Re: is choice between asynchrone/synchrone method an implementation detail?

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Re: is choice between asynchrone/synchrone method an implementation detail?

David Walend
On Jul 25, 2006, at 7:28 AM, concurrency-interest-
[hidden email] wrote:

> From: "Peter Veentjer" <[hidden email]>
>
>> I'm opposed to this kind of transparency - I don't think it can be  
>> done.
> I agree it is a bad thing (nice to see I'm not crazy ). But it isn't
> difficult to make a asynchronuos wrapper. And this is the problem:
> because you can't see if you are dealing with a synchronous or
> asynchronous method call, it makes the design a lot more complex. The
> difficulty is that most developers don't see this increased complexity
> and only see the easy of making a call asynchronous with a
> asynchronous wrapper.
>
> So my personal experience is that it is difficult to convince other  
> developers.

Really? The developers I work with would prefer to live and die by  
the stack, and have to be dragged into any kind of asynchronous  
approach. We know if we blow it, we'll spend hours or weeks trying to  
bracket the problem, so we keep things obvious and segregated.  
Enforced reading of the high-level design and quick note in the  
JavaDoc seems to be enough to alert new team members: "Here there be  
dragons."

We use a services-and-messages idiom, which seems to make the  
concurrency issues very clear. On other projects I've used Runnables  
and worker threads. You'll almost always know where you stand with  
these two styles.

David Holmes is right -- asynchronous side effects are part of the API.

>>>
>>> WaterCooker cooker = new WaterCooker();
>>> Cup cup = new Cup();
>>> cooker.cook();
>>> cooker.fill(cup);

An asynchronous style would look more like

cooker.startCooking();  //not just cook()
you.readNewspaper();
cooker.waitUntilDone(); //have to wait for done before filling the cup
cooker.fill(cup);

Hope that helps,

Dave

David Walend
[hidden email]


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Re: is choice between asynchrone/synchrone method an implementation detail?

alarmnummer
On 7/25/06, David Walend <[hidden email]> wrote:

> On Jul 25, 2006, at 7:28 AM, concurrency-interest-
> [hidden email] wrote:
>
> > From: "Peter Veentjer" <[hidden email]>
> >
> >> I'm opposed to this kind of transparency - I don't think it can be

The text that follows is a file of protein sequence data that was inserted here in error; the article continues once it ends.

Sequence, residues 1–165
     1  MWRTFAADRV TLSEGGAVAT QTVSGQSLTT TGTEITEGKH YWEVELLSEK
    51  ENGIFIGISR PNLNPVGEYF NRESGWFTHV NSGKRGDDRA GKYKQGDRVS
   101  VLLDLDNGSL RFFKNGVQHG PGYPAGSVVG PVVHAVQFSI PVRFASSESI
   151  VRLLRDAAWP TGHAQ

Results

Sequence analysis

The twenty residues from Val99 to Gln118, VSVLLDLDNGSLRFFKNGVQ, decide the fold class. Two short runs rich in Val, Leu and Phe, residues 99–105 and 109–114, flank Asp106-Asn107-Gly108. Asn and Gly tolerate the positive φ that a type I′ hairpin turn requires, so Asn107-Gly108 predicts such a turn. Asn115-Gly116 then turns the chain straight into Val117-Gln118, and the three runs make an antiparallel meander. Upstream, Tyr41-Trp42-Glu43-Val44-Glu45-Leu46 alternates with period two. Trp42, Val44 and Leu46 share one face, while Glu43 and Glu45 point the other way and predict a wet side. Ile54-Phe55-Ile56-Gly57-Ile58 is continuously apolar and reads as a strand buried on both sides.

> >> done.
> > I agree it is a bad thing (nice to see I'm not crazy ). But it isn't
> > difficult to make a asynchronuos wrapper. And this is the problem:
> > because you can't see if you are dealing with a synchronous or
> > asynchronous method call, it makes the design a lot more complex. The
> > difficulty is that most developers don't see this increased complexity
> > and only see the easy of making a call asynchronous with a
> > asynchronous wrapper.
> >
> > So my personal experience is that it is difficult to convince other
> > developers.
>
> Really? The developers I work with would prefer to live and die by
> the stack, and have to be dragged into any kind of asynchronous
> approach.

Don't get me wrong. Asynchronous calls are great. But it should be part
of the interface definition: you say that the cook method blocks
untill the water boils (synchronous) or you say: press the cook
button, but don't wait (the asynchronous call).

You can't add this behaviour transparent without creating difficult to
understand code and that is what I'm trying to discuss.

We know if we blow it, we'll spend hours or weeks trying to

> bracket the problem, so we keep things obvious and segregated.
> Enforced reading of the high-level design and quick note in the
> JavaDoc seems to be enough to alert new team members: "Here there be
> dragons."
>
> We use a services-and-messages idiom, which seems to make the
> concurrency issues very clear. On other projects I've used Runnables
> and worker threads. You'll almost always know where you stand with
> these two styles.
>
> David Holmes is right -- asynchronous side effects are part of the API.

Ok :) So we agree: asynchronous/synchronous calling of methods is not
a configuration/implementation detail but is part of the interface.

> Dave
>
> David Walend
> [hidden email]
>
>
> _______________________________________________
> Concurrency-interest mailing list
> [hidden email]
> http://altair.cs.oswego.edu/mailman/listinfo/concurrency-interest
>
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Re: is choice between asynchrone/synchrone method an implementation detail?

Brian Goetz
> Don't get me wrong. Asynchronous calls are great. But it should be part
> of the interface definition: you say that the cook method blocks
> untill the water boils (synchronous) or you say: press the cook
> button, but don't wait (the asynchronous call).

And blocking methods (those that wait for an action to occur in another
thread) should strongly consider throwing InterruptedException, both to
facilitate cancellation, and as a nice way of saying "I'm a blocking
method."
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